Lawyers Disclose The Scariest Thing A Client Has Ever Confessed To Them

Being a lawyer has got to be such a daunting challenge.

How do you keep your conscience in check?

The things you learn about humanity can be bone-chilling.

It's a special issue when you're a criminal attorney.

Sometimes you learn your client is guilty.

But you still have to do your job, even if what you know leaves you shaking in fear or disgust.

You took an oath after all.

Redditor BrunoDeFarnese wanted to hear about all the stories that still haunt lawyers. They asked:

"Reddit lawyers, what is the scariest thing a client has confessed/said to you?"

I've always wondered about this. It happens in movies. But does it happen in real life?


Sad Season 9 GIF by The Office Giphy

"I once had a client’s mental state deteriorate over time. They went from relatively normal to complaining of ghosts in their home and their house being bugged in a matter of months. It was equal parts scary and very sad to watch it happen."


The Worst

"Their murders."


"Admission of guilt to your lawyer makes it harder to defend a client, at least where I practice, that takes any defenses off the table where you argue they didn't do it. So now you not only have the trauma of knowing these details, they've also made your job way harder."


Criminal Law

"Had a client who was charged with assault with a deadly weapon against his wife. He had a few past charges that were similar. Fairly typical domestic violence situation. He claimed it was blown out of proportion, yada yada. I got a pretty good plea deal for him and advised him to take it."

"He told me he wanted to go to trial. I told him that when his wife testifies against him, he’d lose pretty fast. He looked me in the eye and told me that his wife would not be attending the trial. I knew better than to ask questions. Sure enough, his wife did not attend the trial. Case dismissed for lack of witness."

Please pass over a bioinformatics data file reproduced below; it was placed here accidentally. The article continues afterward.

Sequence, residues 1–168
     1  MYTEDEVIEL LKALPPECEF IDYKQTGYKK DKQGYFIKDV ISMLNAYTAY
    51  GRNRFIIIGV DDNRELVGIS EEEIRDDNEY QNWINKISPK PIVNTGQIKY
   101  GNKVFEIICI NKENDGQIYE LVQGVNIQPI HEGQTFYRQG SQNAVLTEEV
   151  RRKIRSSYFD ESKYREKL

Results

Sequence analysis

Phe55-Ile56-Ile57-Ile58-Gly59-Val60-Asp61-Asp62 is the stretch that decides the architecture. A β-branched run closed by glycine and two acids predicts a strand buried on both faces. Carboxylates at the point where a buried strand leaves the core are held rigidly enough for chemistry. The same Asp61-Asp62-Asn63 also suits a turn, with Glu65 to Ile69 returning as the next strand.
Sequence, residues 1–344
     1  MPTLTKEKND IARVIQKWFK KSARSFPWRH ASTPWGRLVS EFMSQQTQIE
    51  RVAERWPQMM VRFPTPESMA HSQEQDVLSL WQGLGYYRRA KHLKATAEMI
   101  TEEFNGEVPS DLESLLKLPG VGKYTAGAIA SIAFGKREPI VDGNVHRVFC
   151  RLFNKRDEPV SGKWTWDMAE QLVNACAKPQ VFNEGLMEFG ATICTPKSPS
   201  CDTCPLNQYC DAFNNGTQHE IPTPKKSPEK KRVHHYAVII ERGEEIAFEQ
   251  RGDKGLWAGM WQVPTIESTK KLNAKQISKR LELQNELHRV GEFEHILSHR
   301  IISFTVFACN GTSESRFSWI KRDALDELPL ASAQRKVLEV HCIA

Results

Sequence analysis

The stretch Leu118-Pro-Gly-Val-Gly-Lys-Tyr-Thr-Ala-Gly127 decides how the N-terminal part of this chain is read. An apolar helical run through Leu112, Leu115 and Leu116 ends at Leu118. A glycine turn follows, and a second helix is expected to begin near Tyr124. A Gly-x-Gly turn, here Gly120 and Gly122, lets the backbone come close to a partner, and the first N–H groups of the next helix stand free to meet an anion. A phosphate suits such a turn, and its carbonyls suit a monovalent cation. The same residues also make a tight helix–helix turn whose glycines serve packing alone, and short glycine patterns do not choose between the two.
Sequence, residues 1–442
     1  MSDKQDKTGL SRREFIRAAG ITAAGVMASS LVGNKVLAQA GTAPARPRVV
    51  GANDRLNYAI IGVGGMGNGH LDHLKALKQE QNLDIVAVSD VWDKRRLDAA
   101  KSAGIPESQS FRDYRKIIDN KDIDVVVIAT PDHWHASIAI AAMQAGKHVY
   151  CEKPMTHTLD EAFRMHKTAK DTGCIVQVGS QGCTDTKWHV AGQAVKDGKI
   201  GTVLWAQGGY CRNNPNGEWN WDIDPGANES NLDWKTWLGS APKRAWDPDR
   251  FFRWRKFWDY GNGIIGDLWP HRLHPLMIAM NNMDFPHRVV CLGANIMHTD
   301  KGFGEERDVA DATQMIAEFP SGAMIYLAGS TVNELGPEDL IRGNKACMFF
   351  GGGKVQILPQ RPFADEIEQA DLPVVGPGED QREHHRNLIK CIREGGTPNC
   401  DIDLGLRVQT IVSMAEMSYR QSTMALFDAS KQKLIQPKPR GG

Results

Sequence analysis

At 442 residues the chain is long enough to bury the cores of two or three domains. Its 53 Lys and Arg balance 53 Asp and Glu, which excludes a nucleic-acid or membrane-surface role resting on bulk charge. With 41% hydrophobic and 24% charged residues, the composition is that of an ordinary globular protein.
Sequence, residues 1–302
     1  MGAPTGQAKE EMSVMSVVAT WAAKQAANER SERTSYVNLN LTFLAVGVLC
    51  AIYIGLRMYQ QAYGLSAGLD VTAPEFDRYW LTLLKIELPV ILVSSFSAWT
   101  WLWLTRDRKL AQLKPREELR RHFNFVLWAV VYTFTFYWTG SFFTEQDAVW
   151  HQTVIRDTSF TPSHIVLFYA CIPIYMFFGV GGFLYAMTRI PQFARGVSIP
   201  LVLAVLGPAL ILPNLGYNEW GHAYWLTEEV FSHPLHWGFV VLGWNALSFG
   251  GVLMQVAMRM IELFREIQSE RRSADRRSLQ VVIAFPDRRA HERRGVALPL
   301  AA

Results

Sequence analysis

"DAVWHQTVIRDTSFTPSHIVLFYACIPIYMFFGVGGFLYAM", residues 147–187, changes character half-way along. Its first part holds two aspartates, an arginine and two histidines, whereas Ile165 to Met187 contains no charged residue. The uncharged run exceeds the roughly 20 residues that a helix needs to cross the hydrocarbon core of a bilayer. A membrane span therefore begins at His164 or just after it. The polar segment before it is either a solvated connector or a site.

"A win for the good guys? I hope he just made up with her and she chose not to appear, but I’ve always wondered if he did something to make sure of it. He sounded pretty confident when he told me she wouldn’t be there. I got out of criminal law in a hurry after that."



"I work in patent law, so we don't really get 'scary' per se. Grandfather came in with several inventions... actually the entire family came which was weird. He was very proud of his inventions, and explicitly stated that they needed the money the inventions would make and the money would go to the whole family to support them. His family getting an inheritance basically rested on these inventions."

"The inventions were extremely simple concepts that had been around for probably 30+ years. I politely got all of the information. I then put together a report, and it was honestly scary. How do you write something that shatters this elderly mans (and his families) dreams?"


The Robot

Steve Little Lawyer GIF by The Grinder Giphy

"His wife was an alien robot and so was the President, and he was going to kill them and all other robots. Straight to the psych ward for paranoid schizophrenia."



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"They killed someone when detailing the case to me."



“'I am a Mexican cartel member' —US Immigration Attorney."


"In LATAM, organized crime and everyday life intertwine quite often, it is quite common to bump into people with some degree of involvement or who had dealings with them in the past, I live in an upper middle class neighborhood and all of the businesses around my house had yo get an 'ok' to operate."



"My husband was the lawyer not me, but one guy had been hiding in the attic of his small apartment building and when my husband went to talk to him he was so out of it on meth and paranoid that he accused my husband of working for the county whatever that means."


Panama papers...

"I do corporate structure and wealth management so I don’t get much action, but I’ve had clients admitting over the phone casually to every white collar crime known to man, insider trading, money laundering, tax evasion schemes I would get once a week. I’m pretty ok if what you are doing is fu**ing over either some big corporate or the government."

"But probably the scariest stuff, was during the Panama papers, while I was still an intern, I got a call from my boss off hours and to get to the office ASAP, I just went to the office had no idea what was going on and started shredding clients papers who might or might not have something to do on tax heavens."